MARUSIC: Right, you can't do that ethically. So, you know, more research is certainly needed. But this was a big red flag for researchers that it certainly appears that exposure to air pollution can have a pretty substantial impact on our mental health.
BASCOMB: The study out of Denmark is pretty alarming, but it's not alone. You talked about another study out of the Cincinnati Children's Hospital that found a very clear link between spikes in air pollution, in this case, PM 2.5, and emergency room visits for children with mental health problems, what was going on there?
MARUSIC: So that study came out of Cincinnati Children's Hospital Medical Center and they looked at five years of emergency room data for more than 6,800 children under the age of 18 who visited the ER for psychiatric distress, including anxiety, depression, bipolar disorder, suicidality, personality disorders and schizophrenia. And they found that children who were exposed to high amounts of air pollution were significantly more likely to a few days later end up in the emergency room for a mental health problem than children with lower exposures were. Another thing that was really interesting about that study is that all the levels of air pollution exposure they looked at were below legal limits. So, they didn't exceed like the daily threshold for particulate matter pollution on any of those days where they saw a corresponding spike in ER visits. So that study is part of a growing body of research that indicates that air pollution exposures are harmful to human health at levels that are well below current legal limits.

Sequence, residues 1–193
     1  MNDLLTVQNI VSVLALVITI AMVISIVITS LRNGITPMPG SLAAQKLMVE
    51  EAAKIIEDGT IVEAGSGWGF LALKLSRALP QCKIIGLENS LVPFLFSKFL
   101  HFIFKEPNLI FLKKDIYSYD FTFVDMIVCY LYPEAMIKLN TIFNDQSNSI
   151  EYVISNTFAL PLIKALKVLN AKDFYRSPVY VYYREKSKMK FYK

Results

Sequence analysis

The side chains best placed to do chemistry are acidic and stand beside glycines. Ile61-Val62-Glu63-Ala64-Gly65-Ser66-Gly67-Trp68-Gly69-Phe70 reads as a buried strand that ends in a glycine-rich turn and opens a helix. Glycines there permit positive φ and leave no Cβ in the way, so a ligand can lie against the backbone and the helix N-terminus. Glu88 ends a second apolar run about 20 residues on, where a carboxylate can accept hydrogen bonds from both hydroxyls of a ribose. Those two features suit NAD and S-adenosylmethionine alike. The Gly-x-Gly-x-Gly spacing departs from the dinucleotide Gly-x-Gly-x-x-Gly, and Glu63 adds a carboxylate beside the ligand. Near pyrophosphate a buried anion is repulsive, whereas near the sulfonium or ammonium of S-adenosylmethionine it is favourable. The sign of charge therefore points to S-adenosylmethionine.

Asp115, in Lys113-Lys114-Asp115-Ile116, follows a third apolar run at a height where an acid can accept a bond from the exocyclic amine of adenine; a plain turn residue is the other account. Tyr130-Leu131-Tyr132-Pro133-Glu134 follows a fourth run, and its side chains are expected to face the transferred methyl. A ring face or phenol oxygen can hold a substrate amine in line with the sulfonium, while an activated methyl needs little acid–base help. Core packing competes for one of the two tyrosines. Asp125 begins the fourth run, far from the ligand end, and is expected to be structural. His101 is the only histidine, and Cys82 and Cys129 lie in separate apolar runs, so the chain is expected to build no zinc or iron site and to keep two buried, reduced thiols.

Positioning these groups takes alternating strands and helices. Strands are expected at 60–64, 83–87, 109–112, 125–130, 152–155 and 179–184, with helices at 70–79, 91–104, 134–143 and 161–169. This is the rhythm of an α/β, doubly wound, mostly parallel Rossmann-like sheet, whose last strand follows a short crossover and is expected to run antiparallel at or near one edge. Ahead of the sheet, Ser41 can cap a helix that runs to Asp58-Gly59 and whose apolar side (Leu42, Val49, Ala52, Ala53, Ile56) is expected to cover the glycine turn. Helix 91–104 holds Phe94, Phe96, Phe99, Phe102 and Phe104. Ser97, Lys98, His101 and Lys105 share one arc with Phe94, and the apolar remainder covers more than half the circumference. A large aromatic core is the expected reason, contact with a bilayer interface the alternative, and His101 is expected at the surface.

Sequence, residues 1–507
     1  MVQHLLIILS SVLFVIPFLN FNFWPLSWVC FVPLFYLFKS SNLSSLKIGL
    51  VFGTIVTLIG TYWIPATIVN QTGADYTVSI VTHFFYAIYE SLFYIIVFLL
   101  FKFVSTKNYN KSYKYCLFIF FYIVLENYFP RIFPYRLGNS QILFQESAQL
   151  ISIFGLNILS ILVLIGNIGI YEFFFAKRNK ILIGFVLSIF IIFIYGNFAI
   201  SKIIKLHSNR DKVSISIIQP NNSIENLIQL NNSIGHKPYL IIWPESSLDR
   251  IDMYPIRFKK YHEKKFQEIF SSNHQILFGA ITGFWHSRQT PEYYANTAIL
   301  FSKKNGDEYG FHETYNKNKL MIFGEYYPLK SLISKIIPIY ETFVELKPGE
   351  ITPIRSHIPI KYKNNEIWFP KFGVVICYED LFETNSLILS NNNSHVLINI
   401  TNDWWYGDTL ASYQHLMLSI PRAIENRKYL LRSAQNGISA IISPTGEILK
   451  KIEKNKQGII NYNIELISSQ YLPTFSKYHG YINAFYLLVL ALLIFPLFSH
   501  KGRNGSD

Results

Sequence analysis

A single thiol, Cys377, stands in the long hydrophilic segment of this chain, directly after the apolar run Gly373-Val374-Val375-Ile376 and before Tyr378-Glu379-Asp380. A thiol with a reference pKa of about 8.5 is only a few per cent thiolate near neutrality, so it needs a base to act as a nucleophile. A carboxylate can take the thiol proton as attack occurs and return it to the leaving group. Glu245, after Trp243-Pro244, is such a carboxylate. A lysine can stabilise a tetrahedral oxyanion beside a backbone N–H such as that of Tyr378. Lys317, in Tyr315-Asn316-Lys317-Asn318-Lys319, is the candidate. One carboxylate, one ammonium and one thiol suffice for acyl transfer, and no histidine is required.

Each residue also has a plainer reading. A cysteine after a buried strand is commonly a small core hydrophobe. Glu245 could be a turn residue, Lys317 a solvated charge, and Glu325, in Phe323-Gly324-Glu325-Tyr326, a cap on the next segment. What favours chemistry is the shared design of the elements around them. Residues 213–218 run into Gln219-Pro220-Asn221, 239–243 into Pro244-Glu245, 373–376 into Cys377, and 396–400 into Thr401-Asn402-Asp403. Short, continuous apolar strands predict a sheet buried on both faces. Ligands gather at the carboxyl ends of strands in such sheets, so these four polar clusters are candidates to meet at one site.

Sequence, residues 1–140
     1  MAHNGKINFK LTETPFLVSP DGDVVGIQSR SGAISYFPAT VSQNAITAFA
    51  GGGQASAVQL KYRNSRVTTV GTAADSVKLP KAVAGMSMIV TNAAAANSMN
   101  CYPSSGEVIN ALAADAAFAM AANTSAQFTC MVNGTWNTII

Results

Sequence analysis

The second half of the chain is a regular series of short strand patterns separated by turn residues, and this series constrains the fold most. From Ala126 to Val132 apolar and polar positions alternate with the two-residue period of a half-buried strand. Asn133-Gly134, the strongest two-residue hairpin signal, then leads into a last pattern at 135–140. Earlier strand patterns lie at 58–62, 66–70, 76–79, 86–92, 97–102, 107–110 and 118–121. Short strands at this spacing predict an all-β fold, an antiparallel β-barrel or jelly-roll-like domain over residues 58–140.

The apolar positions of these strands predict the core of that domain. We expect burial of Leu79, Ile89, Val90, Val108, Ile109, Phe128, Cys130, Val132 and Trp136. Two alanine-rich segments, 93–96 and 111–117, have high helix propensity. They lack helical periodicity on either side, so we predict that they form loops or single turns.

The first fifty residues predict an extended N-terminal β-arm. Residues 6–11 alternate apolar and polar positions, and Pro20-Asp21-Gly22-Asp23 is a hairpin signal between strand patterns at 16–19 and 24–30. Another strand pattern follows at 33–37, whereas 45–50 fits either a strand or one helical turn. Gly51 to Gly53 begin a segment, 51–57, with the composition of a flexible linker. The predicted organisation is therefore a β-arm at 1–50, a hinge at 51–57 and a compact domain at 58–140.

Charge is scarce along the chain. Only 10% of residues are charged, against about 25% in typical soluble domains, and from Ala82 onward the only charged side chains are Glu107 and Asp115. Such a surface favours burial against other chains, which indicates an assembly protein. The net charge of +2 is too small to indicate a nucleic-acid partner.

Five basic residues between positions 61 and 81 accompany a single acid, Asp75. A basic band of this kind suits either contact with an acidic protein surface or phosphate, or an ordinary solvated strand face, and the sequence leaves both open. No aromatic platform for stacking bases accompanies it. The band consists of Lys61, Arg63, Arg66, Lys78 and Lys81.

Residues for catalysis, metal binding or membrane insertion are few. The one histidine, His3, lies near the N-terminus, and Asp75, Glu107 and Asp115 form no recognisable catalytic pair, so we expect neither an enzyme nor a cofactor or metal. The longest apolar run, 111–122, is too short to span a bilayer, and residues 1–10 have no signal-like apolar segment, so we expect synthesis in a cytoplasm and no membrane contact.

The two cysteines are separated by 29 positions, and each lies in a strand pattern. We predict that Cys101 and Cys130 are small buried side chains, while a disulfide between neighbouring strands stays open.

BASCOMB: Wow. So, EPA says that this is our standard for air pollution and this is a safe level but that's not the case, at least when we're looking strictly at mental health problems associated with those exposures.
MARUSIC: Right, so EPA is currently considering lowering the threshold for particulate matter. They're expected to do that sometime in the next couple of years. And I would say in the last five years, scientists have started learning a lot more about these lower levels of pollution and how they're harmful so hopefully, regulations will start to catch up.
BASCOMB: And what do scientists think is the mechanism for air pollution to affect the mental health in this way?
MARUSIC: So, scientists are still trying to figure out exactly what happens in brains that are exposed to air pollution that affects mental health and cognition. But a lot of them think it's related to the inflammation that air pollution causes. So, we know that chronic inflammation in the brain can damage neurons that are involved in the brain and nervous systems, regulatory responses, which can impact mental health if you think about things like anxiety, that is you know, it's a lot more than just our brains that are involved in that process. Right, it's our whole body's ability to regulate and respond to challenging situations.
BASCOMB: Well, part of your article focuses on the work of an activist named Melanie Mead. Tell us a little bit about her story please.